700 Children's® – A Blog by Pediatric Experts

Kidney Abnormalities: How They Develop and Where They Are Located

Sep 20, 2023
doctor giving a child an ultrasound

The kidneys are the organs in your body that filter the blood and make urine (pee). A person is typically born with two kidneys. One kidney is located on the left side of the body, and one is on the right side.  Both kidneys are usually about the same size. They are typically located in the middle part of the belly and toward the back. The kidneys then connect to long tubes called ureters. These tubes go down toward the lower part of the belly and drain into the bladder, which is the “tank” that holds urine.

There can be many differences in how the kidneys develop and where they are located.

There are two main groups of kidney abnormalities: how the kidney develops within the womb and differences in shape and location.

Differences in How the Kidneys Develop

There are 3 main differences you can see with how the kidney develops within the womb:

  • Renal Agenesis is what it’s called when a person only has one kidney. It can be a single right kidney or a single left kidney. A person can have normal kidney function even if they have only one kidney.
  • Renal Hypoplasia is the name of the condition when one or both kidneys are smaller than expected. A kidney with hypoplasia usually does not work the same as a normal kidney.
  • Renal Dysplasia is what it’s called when the kidney forms abnormally. This can include kidneys that have cysts within them (which are like sacs of fluid in the kidney). Kidneys with dysplasia may work normally or may not work the same as a normal kidney.

Differences in Shape and Location of the Kidneys

There are also multiple differences that can be seen in the shape and position of the kidneys. The 3 most common types are ectopic kidneys, horseshoe kidneys and cross fused kidneys.

When a kidney is not located in the usual position, it is called an ectopic kidney. It can be located higher or lower than the usual position, or lower in the belly, in the pelvic area.

Horseshoe Kidney occurs when the lower parts of each kidney connect in the midline and are in the lower part of belly (pelvic area). Because the lower parts of each kidney are connected, they look like one kidney that is shaped like a horseshoe.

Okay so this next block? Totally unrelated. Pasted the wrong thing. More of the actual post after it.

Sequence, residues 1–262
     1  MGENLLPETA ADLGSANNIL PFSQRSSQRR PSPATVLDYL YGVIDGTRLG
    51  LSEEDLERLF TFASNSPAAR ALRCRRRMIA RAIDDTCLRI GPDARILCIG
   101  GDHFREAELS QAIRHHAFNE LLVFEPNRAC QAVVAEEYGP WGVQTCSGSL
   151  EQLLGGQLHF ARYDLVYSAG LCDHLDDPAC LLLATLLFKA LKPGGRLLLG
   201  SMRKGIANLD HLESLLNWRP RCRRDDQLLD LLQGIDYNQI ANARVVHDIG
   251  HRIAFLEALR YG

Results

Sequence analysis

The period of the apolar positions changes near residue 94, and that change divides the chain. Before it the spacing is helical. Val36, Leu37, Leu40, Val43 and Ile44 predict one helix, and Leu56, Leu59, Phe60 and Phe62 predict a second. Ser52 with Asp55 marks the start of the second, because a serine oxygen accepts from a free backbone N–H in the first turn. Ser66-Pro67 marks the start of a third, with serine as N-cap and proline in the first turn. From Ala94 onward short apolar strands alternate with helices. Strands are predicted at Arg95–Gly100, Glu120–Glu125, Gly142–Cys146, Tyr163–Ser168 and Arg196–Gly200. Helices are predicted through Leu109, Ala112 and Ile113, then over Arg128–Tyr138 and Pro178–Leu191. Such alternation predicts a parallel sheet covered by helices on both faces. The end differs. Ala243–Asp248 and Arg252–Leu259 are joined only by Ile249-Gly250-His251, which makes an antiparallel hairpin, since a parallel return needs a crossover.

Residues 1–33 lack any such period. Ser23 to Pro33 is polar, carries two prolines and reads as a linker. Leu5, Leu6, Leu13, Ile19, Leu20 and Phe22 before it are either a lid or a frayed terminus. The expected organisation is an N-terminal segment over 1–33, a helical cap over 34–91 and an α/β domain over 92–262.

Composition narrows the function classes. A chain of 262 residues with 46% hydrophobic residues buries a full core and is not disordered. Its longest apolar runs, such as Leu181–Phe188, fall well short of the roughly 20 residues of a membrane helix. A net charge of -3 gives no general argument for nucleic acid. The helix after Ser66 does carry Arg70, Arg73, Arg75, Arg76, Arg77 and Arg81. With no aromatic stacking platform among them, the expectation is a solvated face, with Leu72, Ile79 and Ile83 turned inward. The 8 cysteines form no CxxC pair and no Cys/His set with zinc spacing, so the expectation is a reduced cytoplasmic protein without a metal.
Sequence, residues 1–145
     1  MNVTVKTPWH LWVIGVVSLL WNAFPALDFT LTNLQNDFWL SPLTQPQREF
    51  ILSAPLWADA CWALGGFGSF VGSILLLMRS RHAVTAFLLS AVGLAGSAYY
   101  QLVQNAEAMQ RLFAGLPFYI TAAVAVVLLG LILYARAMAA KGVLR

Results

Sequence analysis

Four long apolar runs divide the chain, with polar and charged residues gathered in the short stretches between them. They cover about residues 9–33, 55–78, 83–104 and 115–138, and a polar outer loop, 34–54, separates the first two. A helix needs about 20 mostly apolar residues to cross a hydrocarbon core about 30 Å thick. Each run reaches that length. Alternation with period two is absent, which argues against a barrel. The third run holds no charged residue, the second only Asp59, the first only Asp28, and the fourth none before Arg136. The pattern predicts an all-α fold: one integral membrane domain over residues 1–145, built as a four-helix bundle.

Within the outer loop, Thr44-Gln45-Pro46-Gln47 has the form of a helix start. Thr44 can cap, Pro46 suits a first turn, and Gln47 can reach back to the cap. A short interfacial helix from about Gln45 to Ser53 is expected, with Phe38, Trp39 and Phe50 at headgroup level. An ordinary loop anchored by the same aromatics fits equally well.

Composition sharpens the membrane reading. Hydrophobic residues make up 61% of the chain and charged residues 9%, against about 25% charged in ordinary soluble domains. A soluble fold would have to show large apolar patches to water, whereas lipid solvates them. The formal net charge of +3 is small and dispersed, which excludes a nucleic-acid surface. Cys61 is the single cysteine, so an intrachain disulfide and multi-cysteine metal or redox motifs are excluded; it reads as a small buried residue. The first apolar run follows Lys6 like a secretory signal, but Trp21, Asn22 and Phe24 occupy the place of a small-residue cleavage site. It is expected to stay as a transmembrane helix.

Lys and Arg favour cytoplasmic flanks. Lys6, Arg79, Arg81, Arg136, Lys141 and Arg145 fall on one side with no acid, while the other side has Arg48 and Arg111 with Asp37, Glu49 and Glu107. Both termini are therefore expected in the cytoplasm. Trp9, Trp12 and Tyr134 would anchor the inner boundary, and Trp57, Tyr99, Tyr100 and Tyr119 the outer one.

When both kidneys are located on the same side (meaning that one has “crossed over” to the other side) rather than one on each side, it is called a crossed fused ectopia. These kidneys may or may not be connected.

Children who have these abnormalities may need other teams to be part of their care. Many times, children with renal agenesis, renal hypoplasia and renal dysplasia will have pediatric nephrology take part in their care. Pediatric nephrologists are the medical kidney doctors who can help keep track of kidney function. They often monitor kidney function by different types of blood tests. Sometimes either nephrology or urology may recommend different types of x ray tests that are used to help evaluate kidney function.

Children who have differences in the shape or position of the kidneys do not necessarily need to see pediatric nephrology, as kids with these abnormalities may not have any problem with the function of the kidneys. Kids with differences in the shape or position of the kidneys are typically followed with renal ultrasounds to makes sure that they kidneys are growing properly. Renal ultrasounds can be monitored by either urology or nephrology.

The Kidney and Urinary Tract Center at Nationwide Children's Hospital
Learn More

Featured Expert

Susan Kasubick-Tillman, PA-C
Pediatric Colorectal and Pelvic Reconstructive Surgery

Susan Kasubick-Tillman, PA-C is a physician assistant for the Center for Colorectal and Pelvic Reconstruction.

All Topics

Browse by Author

About this Blog

Pediatric News You Can Use From America’s Largest Pediatric Hospital and Research Center

700 Children’s® features the most current pediatric health care information and research from our pediatric experts – physicians and specialists who have seen it all. Many of them are parents and bring a special understanding to what our patients and families experience. If you have a child – or care for a child – 700 Children’s was created especially for you.